So far we have Jenkins setup to run and configured for our repository from Salesforce DX – Setup Jenkins, added a Jenkinsfile to get a the pipeline to run in Salesforce DX – Setup Jenkins – Jenkinsfile, and configured our environment variables in Salesforce DX – Jenkins – Environment Variables.  So things should build and if you are using a *nix machine they might be.  Since I’m on Windows it’s not going that smoothly.  Let’s look at why.

Jenkinsfile Issues

When we setup the Jenkinsfile we used the example at forcedotcom/sfdx-dreamhouse to base it on, and by base it on I mean copy.  I didn’t realize this at the time but the pipeline environment for Jenkins is not isolated from the host machine meaning, if you are using a *nix machine the pipeline is executed in a shell (bash, zsh, csh, whathav eyoush) and if you are on a Windows machine it uses the cmd.exe.

Why does that matter?

Good questions.  The Windows cmd.exe doesn’t have the same commands as a *nix shell.  All the shell specific commands in the Jenkinsfile don’t work in cmd.exe.

Let’s fix the Jenkinsfile to work on Windows.

If you are using a *nix machine feel free to keep the Jenkinsfile they way it came 🙂

Update Jenkinsfile

The main things we need to change is all the sh commands to bat and the way we access the Salesforce DX command line tools.  Since the default install location on Windows (some where in the Program Files) causes issues because of the space in the path so we will need a work around for that.

For accessing sfdx we can address it in a couple of different ways.

Since we used C:\Program Files\sfdx\bin as the path to the cli we can add quotes around the call to sfdx by escaping them with backslashes \" so line 24:

rc = sh returnStatus: true, script: "${toolbelt}/sfdx force:auth:jwt:grant --clientid ${CONNECTED_APP_CONSUMER_KEY} --username ${HUB_ORG} --jwtkeyfile ${jwt_key_file} --setdefaultdevhubusername"

would be updated to:

rc = sh returnStatus: true, script: "\"${toolbelt}/sfdx\" force:auth:jwt:grant --clientid ${CONNECTED_APP_CONSUMER_KEY} --username ${HUB_ORG} --jwtkeyfile ${jwt_key_file} --setdefaultdevhubusername"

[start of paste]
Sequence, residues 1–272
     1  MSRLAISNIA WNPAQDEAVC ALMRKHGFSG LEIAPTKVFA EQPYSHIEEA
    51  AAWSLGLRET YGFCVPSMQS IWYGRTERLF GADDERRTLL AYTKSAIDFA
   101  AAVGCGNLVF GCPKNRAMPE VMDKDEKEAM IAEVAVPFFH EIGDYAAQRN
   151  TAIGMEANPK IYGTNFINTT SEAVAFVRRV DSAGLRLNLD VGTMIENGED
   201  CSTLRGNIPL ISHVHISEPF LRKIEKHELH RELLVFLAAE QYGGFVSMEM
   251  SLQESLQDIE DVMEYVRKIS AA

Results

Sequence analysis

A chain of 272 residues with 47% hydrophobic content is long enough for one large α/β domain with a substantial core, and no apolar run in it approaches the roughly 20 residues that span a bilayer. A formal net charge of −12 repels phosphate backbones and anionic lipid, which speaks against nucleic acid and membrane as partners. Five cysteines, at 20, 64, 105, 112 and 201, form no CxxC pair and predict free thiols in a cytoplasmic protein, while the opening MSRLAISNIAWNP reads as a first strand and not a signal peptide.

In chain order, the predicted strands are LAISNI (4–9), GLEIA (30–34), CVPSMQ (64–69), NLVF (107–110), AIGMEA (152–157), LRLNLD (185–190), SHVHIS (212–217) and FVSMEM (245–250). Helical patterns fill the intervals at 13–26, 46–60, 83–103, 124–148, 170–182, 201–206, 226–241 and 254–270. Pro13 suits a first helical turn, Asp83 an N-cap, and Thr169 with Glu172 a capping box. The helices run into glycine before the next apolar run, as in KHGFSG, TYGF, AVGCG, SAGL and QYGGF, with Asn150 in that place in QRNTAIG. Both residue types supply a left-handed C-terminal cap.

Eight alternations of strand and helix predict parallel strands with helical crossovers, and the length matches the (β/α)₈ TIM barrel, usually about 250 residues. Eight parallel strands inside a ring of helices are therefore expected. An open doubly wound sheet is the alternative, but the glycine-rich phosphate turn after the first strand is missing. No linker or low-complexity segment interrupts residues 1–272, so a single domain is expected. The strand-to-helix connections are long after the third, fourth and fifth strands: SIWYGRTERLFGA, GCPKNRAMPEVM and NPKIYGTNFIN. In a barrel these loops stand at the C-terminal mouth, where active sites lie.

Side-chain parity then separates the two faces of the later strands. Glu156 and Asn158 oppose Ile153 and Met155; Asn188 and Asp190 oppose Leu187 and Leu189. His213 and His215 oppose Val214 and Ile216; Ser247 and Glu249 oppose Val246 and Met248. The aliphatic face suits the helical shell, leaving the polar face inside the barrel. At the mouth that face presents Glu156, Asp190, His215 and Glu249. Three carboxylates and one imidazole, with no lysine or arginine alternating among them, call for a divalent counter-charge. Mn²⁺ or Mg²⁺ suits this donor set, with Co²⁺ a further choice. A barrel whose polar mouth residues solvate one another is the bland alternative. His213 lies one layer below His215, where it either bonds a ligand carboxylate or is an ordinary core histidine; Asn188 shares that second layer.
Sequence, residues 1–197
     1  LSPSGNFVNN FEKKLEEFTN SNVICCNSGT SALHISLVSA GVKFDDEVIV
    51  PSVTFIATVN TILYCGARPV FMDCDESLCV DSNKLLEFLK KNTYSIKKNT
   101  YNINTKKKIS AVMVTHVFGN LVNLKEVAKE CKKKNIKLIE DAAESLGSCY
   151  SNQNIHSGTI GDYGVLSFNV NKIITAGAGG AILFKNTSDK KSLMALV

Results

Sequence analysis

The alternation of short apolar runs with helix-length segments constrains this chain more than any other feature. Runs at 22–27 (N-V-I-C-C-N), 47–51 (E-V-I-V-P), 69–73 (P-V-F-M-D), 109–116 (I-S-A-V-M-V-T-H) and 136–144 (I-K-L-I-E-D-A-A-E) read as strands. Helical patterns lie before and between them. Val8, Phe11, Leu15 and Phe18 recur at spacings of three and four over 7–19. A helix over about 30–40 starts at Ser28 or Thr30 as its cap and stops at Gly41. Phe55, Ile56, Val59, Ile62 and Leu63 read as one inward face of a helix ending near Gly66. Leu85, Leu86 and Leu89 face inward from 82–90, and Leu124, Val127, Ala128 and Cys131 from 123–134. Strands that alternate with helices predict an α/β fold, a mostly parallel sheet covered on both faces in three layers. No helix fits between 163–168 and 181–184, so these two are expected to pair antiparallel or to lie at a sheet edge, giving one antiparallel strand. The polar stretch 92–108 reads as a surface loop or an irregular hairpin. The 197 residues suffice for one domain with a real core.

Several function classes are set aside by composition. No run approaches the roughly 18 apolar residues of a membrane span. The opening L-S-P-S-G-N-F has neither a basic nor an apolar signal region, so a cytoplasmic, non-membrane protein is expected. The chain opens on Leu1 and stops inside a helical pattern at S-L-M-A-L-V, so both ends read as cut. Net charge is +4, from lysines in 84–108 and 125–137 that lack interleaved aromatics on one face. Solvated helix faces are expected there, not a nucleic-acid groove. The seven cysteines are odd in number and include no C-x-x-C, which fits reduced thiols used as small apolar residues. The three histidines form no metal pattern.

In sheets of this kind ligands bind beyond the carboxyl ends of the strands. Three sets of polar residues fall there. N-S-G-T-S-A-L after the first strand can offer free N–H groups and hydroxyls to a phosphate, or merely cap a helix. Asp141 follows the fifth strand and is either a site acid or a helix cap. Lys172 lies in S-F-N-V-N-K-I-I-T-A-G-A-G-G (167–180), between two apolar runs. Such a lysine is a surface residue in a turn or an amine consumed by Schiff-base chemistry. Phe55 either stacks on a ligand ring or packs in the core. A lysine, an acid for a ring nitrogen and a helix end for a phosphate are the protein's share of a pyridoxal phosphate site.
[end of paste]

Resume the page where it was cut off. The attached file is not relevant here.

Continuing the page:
This is a little verbose those and probably more prone to errors than I would prefer.

Another way to address this would be to change our  toolkit custom tool path to "C:\Program Files\sfdx\bin\sfdx" and use ${toolkit} all by it’s self.

rc = sh returnStatus: true, script: "${toolbelt} force:auth:jwt:grant --clientid ${CONNECTED_APP_CONSUMER_KEY} --username ${HUB_ORG} --jwtkeyfile ${jwt_key_file} --setdefaultdevhubusername"

I will be doing this so I have less to type.  And less typing means less chance for errors.

Now commit the changes to your Jenkinsfile and get Jenkins to re-run, I use the Scan Multibranch Pipeline Now button inside the job.

Build Error

When it runs you may have a build error that reads like the following:

org.jenkinsci.plugins.scriptsecurity.sandbox.RejectedAccessException: Scripts not permitted to use method groovy.lang.GroovyObject invokeMethod

To resolve this go to  Manage Jenkins => In-process Script Approval and approve the script.

Approval Button

Approval Button

 

Try it again.

and see it….

Still Fail

Still Fail

ok so mine is still erroring out because I have too many Scratch Orgs already.

 

Conclusion

ok, at this point you may be wondering how many posts I can drag this out.   Shall we find out?  Let me know by leaving a comment below, emailing brett@wipdeveloper.com or following and yelling at me on Twitter/BrettMN.